Trial Lawyer: Job Description and Requirements

Sep 17, 2019

Trial lawyers require a significant amount of formal education. Learn about the education, job duties and licensure to find out if this is the career for you.

Defending people in court is the responsibility of trial lawyers. Trial lawyers must have exceptional researching and communication skills, as the outcome of a client's case depends on the merit of their legal findings and their ability to convince the judge and jury.

Essential Information

Trial lawyers meet with clients and agree to represent them in court cases. After performing legal research, trial lawyers go to court to argue their client's case on their behalf to the judge or jury. A bachelor's degree followed by three years of law school is the necessary education for this vocation. Trial lawyers have to pass a bar examination to be licensed with the state.

Required Education Juris Doctor
Licensure/Certification Admittance to the American Bar Association for state licensure
Projected Job Growth (2018-2028)* 6% for all lawyers
Average Annual Salary (2018)* $120,910 for all lawyers

Source: *U.S. Bureau of Labor Statistics

Trial Lawyer Overview

The educational process for a trial lawyer is long and difficult. A total of seven years of study has to be completed. Four of it is at the undergraduate level while three years are spent in law school. Applying to law school is a difficult process that requires an interview, work experience, a bachelor's degree and an acceptable score on the Law School Admission Test. Once enrolled in a law school accredited by the American Bar Association, trial lawyers pursue the law program that interests and matches up with what law they want to practice. Internships and externships along with real law exercises are crucial experiences for trial lawyers.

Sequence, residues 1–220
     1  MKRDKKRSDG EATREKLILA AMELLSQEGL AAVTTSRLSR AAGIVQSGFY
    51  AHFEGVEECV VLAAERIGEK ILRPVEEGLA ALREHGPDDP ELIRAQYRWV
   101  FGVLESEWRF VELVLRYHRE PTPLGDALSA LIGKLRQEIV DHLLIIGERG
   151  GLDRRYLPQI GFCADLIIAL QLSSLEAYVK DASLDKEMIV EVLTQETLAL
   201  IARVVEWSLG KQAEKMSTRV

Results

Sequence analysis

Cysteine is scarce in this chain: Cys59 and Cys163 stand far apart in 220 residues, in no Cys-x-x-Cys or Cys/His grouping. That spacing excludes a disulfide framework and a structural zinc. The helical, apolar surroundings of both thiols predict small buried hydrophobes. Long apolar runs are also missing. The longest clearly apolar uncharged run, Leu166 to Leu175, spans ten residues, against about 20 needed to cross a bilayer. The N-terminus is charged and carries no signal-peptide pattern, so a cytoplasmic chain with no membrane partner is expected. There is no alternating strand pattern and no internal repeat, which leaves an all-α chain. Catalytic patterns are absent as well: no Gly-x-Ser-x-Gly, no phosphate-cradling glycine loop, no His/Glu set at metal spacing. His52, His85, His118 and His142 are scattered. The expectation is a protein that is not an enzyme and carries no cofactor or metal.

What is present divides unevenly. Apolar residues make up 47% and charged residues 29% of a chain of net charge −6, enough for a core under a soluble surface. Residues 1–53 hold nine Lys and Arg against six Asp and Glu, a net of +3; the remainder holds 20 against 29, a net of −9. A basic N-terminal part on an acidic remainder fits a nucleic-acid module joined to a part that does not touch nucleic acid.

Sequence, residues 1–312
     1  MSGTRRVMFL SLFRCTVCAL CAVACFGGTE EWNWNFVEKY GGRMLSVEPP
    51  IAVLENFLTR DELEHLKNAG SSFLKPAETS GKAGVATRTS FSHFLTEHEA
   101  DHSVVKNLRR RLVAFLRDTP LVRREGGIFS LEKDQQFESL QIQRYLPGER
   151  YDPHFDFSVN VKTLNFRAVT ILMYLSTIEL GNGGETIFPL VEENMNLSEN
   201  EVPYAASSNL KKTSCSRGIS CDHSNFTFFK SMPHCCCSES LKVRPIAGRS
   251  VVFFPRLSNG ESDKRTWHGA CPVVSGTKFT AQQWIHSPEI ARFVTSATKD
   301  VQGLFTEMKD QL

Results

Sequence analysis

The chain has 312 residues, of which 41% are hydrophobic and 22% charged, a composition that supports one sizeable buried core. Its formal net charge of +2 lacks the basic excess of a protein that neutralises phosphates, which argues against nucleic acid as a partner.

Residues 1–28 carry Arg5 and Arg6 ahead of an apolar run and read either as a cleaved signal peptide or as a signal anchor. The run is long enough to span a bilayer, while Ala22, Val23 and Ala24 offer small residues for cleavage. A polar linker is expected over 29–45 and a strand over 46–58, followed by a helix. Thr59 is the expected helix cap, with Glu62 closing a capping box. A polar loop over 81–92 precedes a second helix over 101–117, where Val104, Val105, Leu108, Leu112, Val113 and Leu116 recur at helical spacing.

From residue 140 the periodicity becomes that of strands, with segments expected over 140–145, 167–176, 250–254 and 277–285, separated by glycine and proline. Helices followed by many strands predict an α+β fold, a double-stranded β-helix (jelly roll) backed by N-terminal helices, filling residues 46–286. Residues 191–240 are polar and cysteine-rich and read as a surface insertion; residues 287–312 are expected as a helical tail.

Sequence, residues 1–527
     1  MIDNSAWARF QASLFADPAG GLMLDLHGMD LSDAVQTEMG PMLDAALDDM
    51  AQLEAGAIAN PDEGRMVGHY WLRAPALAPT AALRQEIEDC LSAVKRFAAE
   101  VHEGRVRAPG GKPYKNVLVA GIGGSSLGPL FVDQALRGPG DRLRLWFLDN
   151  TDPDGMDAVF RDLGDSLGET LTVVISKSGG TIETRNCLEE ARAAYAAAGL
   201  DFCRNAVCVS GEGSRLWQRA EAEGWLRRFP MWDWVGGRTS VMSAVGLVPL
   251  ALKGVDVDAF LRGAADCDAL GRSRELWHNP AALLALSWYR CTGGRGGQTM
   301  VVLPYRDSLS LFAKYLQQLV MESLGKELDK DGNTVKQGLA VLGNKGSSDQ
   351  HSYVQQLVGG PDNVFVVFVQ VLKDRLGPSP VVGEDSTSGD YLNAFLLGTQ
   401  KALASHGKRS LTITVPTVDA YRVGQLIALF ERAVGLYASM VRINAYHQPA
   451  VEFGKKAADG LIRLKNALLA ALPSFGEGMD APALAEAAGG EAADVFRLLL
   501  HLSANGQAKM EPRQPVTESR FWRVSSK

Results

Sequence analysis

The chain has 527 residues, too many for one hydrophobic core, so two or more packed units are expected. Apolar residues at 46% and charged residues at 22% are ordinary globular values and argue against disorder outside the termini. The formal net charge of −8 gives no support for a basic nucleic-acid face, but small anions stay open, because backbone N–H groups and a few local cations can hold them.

Job Description

Trial lawyers are attorneys who regularly represent a party in a trial and argue the client's case for them. A trial lawyer can be employed with the state, a business or with a private law firm. Regardless of their employer, trial lawyers examine all the necessary evidence, research laws and study judicial decisions that are relevant to the case at hand. Trial lawyers regularly meet with their clients to discuss their options and the strategy that is going to be taken once at the trial.

Presenting a case at trial can be a difficult experience. Trial lawyers usually start with an opening argument, then as the trial moves on they take turns presenting evidence, addressing the judge and interviewing and cross-examining witnesses. At the end of the case, trial lawyers present a closing argument and await the decision of the judge or jury.

Job Requirements

According to the U.S. Bureau of Labor Statistics (BLS), a trial lawyer, as all lawyers, has to be admitted to the American Bar Association to have a state license to practice law ( An ethics examination and a written bar examination have to be completed by trial lawyers. Sometimes being admitted to one bar allows a trial lawyer to be accepted into another state's bar. However, this is an exception rather than the rule since many states do require trial lawyers to reapply when practicing law in another state.

The bar examination has several prerequisites before an aspiring trial lawyer is qualified to take it. First is graduating from an accredited law school with an appropriate college degree for trial lawyers. After this is done, a trial lawyer needs to figure out what bar examination is required by their state. The majority of states use the Multistate Bar Examination (MBE) which is a 6-hour test. Some states use the Multistate Essay Examination (MEE) which is only a 3-hour test.

The BLS projects that jobs for lawyers will increase as fast as the average through 2028. In May 2018, the BLS reported that professionals in the 90th percentile or higher earned $58,220 or more per year, whereas the bottom 10th percentile earned $58,220 or less per year.

Trial lawyers must go through an extensive educational process, which involves completing a 4-year college degree, then law school, and finally passing the bar exam to become licensed - averaging a total of roughly seven years. Lawyers wishing to work in trial typically specialize in that area during law school.

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